Overall, what do you see as the biggest challenge for training in forensic departments?

Without a doubt, it is consistency — particularly as it applies to training. Training to competency means something different from one lab to the next. As a trainer and a member of a standard-setting body with emphasis in training, I know the success (or failure) of any organization rests firmly atop the pillars of its training program — especially in the specialized fields of forensic science. Trainees are only as good as the programs to train them.

You mention the pillars of a training program. What are the main ones?

First, before you even begin training, you have to hire the right people. The field of friction ridge identification has evolved over the years, and in this day and age, given the expectations of the legal system and our juries, there is the need for science backgrounds, bringing a foundation of scientific principles, testing methods, conclusions, reproducibility of results, etc.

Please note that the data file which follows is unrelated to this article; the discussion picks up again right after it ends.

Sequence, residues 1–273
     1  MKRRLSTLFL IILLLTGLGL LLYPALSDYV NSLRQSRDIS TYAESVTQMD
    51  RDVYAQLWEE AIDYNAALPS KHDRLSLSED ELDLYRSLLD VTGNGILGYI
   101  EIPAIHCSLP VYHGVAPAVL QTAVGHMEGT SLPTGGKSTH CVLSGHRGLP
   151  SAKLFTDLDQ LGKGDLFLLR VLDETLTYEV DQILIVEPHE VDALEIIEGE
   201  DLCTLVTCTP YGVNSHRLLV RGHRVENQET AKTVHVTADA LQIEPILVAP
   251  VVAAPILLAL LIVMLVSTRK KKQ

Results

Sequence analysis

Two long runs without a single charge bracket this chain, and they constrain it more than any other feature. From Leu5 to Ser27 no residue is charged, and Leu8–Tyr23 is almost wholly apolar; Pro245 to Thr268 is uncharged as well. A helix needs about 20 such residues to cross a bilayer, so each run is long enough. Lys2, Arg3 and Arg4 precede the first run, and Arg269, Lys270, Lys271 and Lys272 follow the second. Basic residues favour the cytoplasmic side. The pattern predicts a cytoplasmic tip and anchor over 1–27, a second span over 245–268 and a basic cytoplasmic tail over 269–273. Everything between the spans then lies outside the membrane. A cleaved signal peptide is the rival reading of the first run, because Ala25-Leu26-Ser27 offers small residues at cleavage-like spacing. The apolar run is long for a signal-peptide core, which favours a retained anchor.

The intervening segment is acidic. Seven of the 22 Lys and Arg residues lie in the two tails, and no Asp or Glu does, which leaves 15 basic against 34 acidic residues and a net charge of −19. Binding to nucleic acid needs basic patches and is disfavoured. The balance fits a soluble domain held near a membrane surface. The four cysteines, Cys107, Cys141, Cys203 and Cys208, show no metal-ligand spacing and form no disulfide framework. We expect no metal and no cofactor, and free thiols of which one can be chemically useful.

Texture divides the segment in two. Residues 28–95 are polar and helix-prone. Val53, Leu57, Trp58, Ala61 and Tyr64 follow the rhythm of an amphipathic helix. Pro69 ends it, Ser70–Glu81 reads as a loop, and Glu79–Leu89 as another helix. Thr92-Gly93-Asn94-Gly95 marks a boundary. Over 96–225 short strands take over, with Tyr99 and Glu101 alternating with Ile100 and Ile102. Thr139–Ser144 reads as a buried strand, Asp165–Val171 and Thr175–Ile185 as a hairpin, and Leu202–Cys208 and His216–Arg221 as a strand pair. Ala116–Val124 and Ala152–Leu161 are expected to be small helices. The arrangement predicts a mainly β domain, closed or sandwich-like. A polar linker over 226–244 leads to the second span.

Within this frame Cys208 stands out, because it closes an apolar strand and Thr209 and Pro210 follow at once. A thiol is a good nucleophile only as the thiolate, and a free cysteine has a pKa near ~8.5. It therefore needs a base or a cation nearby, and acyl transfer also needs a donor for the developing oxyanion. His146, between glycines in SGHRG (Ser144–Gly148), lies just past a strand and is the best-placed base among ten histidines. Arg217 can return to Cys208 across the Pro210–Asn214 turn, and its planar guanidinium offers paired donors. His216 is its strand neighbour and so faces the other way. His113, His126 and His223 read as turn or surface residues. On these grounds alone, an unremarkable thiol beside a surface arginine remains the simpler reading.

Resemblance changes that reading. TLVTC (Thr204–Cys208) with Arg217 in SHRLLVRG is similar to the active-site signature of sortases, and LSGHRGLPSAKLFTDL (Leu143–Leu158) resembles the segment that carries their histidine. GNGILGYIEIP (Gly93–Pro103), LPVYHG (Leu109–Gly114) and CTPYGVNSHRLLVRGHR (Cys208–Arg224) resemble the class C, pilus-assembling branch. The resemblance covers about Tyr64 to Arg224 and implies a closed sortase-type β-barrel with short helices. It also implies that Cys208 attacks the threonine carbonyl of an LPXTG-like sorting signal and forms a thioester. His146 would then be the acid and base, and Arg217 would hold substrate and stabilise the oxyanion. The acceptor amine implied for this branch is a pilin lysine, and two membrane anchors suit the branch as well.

Additionally, practitioners are expected to perform very detail-oriented forensic casework and testify to technical evidence in a court of law. They need to be trained with robust practical exercises that allow for high-repetition friction ridge comparisons. Training needs to be delivered consistently and thoroughly, with qualitative and quantitative assessments being made each step of the way.

You mentioned presenting evidence in a court of law. What role does training play in addressing the challenges of presenting latent print evidence?

Even though scientists aren’t quick to offer this up — I’ll come right out and say it: Latent fingerprint examination — and any scientific endeavor — is, at some level, subjective. Any time you have a human instrument interpreting data and producing results, there is a level of subjectivity involved. Training, when properly crafted and administered, provides an examiner with the confidence in their findings to convey the weight or impact of these interpretive results to a jury.